Monday 21 September 2015

Legendary Local Rabbi Sidney Shoham passes away suddenly

As he sat  in his office overlooking Yitzhak Rabin Park in the Montreal suburb of Côte Saint-Luc a number of  years ago, Rabbi Sidney Shoham’s eyes grew a little misty as he discussed how much BethZion Congregation meant to him.

 “There are a lot of memories here,”  he told me. “We pioneered the concept of the suburbansynagogue in Montreal.  Others, I believe, followed our example.”
Rabbi Sidney Shoham

Rabbi Shoham, who died suddenly Sunday evening, September 20 was a living legend in the Montreal Jewish community. For decades he was front and centre with local community organizations, holding top positions locally and nationally. He also had the distinction of being the only rabbi to ever chair the Combined Jewish Appeal campaign, primarily because of talents as a superb orator.

I met Rabbi Shoham as a toddler. As a lifelong member of Beth Zion, I would see him when I attended Hebrew school at the synagogue and I had the honour of him being at the pulpit at my bar mitzvah. I sat at my seat during the High Holy Days each year mesmerized by every word he uttered.  He was often very controversial. And that is what his audience expected.

Rabbi Shoham was a “very young” 86 years old. It was shocking enough nine years ago this Yom Kippur to hear his announcement on Kol Nidre that he was retiring after 50 incredible years at the bima and to become rabbi emeritus.  His death does not seem real. This is a man who beat cancer. I saw him on numerous occasions in the last few weeks, at the benefit Cats Concert I organized and golf tournament I co-chaired. He was the picture of health. Ironically, his last public appearance was only hours before he died at home – attending the annual Beth Zion Cantorial Concert.

When Rabbi Shoham retired, a  synagogue executive member asked. “How do you replace a legend. He has been the only rabbi this synagogue ever had.”

The synagogue had to go through three rabbis to find his proper successor.

Born in Baltimore, Maryland the son of Rabbi Yechiel and Rebbetzen Ethel Shoham, Rabbi Shoham attended the  Talmudical Academy of Baltimore grade school and then went to Mesivta Rabbi Chaim Berlin Rabbinical, Brooklyn, New York.  While studying in the Yeshiva, Rabbi Shoham attended  Brooklyn College at night and graduated with a Bachelor of Science degree majoring in psychology.  Later, he attended graduate school at New York University, School of Psychology and continued his studies in Montreal at the Allen Memorial HospitalMcGill University where he furthered his courses in Pastoral Psychiatry. 

Rabbi Shoham arrived in Montreal in 1955 to visit his brother Gilbert, who was Rabbi of the Beit Hamidrash Hagadol Synagogue on McKenzie.  While here, he met with an enthusiastic group of individuals anxiously waiting to build a new community in the western suburb of Montreal.  After discussions with the committee, several weeks later he was hired as the Rabbi of Beth Zion in the winter of 1956. Over the years he had been active with nearly every Jewish organization in the city, notably Combined Jewish Appeal, B’nai Brith and State of Israel Bonds.  Many Jewish organizations  held testimonial dinners in his honour. He  even hosted radio and television shows.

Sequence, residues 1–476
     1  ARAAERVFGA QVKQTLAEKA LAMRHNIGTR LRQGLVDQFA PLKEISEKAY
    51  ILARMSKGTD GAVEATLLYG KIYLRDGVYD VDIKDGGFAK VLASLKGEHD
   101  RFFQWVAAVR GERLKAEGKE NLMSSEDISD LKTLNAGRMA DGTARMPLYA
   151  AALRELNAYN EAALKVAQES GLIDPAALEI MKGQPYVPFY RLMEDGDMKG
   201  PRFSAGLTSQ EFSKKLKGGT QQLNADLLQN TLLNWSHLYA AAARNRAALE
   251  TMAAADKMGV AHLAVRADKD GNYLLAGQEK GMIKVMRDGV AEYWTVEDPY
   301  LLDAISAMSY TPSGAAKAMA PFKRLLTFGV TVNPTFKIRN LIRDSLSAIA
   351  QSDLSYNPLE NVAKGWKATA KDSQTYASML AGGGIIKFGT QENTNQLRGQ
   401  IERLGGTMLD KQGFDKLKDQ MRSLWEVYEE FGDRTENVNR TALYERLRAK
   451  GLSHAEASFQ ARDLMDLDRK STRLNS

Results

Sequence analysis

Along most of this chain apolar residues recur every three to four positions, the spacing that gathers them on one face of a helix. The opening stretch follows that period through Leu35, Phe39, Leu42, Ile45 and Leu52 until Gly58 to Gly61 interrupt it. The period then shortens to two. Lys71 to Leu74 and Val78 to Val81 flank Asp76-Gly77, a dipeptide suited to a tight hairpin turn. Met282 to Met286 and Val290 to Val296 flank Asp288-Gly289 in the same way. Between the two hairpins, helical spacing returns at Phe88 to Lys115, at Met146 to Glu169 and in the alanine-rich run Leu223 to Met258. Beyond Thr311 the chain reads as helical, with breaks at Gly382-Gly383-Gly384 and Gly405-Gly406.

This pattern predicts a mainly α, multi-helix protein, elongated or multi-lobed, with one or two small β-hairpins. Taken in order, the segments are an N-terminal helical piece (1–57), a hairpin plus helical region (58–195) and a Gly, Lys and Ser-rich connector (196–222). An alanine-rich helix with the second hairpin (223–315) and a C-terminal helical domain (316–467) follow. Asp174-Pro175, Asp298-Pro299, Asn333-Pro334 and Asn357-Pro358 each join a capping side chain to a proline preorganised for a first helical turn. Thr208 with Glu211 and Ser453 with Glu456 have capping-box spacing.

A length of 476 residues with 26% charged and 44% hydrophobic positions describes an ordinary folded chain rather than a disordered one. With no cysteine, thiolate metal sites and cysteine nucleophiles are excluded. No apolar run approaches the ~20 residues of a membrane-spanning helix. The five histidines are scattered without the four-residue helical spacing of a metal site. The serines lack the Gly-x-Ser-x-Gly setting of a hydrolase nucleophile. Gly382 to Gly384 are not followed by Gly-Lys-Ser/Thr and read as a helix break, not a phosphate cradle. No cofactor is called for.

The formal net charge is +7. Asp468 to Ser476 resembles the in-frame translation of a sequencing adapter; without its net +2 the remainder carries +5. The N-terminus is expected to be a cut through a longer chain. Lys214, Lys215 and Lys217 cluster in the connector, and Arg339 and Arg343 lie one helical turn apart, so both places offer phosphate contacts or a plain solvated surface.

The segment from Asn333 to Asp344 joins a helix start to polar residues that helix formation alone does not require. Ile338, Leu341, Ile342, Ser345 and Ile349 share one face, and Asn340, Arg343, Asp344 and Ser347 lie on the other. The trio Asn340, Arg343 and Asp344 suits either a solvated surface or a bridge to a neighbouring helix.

The synagogue itself began in a congregant’s home in 1952, four years before they hired Rabbi Shoham and moved into their present quarters on Hudson Avenue.

“There are a lot of memories here,” Rabbi Shoham, told me. “I have overseen five decades of torah studies, services, counselling, weddings, bar mitzvahs and bat mitzvahs. It’s like home to me.”

Rabbi Shoham recalled the early days of the synagogue. “At the time,” said the rabbi, “the park across the street from us had a baseball field. There were times when we did not have enough people for a minyan (10 men are required for prayer in the Jewish religion) so I’d go out to the baseball field and ask for a few volunteers. I was a pretty fair player myself and they wanted me to be part of their club. My message was simple. I’d join their team if they’d join mine. It worked.”

In fact, when he was young, Rabbi Shoham was considered a prospect for Major League Baseball.

From the 100 members it had when Rabbi Shoham arrived, that number rose at one time to more  than 1,000.

“To quote Hillary Clinton," said past president Eli Cohen,  “it  takes a village to build a community. And it's taken Beth Zion to help build the community. It is Rabbi Shoham who was innovative and who brought Beth Zion to the attention of the greater Montreal Jewish community.”

Funeral services will take place at Beth Zion Congregation in the main sanctuary at 10 am Tuesday, September 22, erev Yom Kippur. Shiva will be at 5703 Melling Avenue until 4 pm, Mincha at 3:30 pm.

To Rabbi Shoham's wife Jewel and  the entire family,  allow me to extend my deepest sympathies.


1 comment:

  1. Everything you wrote resonates with me. Even the baseball story. I played on the same team with him. It was the Cote St Luc police team. I was one if the volunteers for a minion when he fell short. By the way he was terrific player, very smooth and a swift base runner. A warm smile and charismatic personality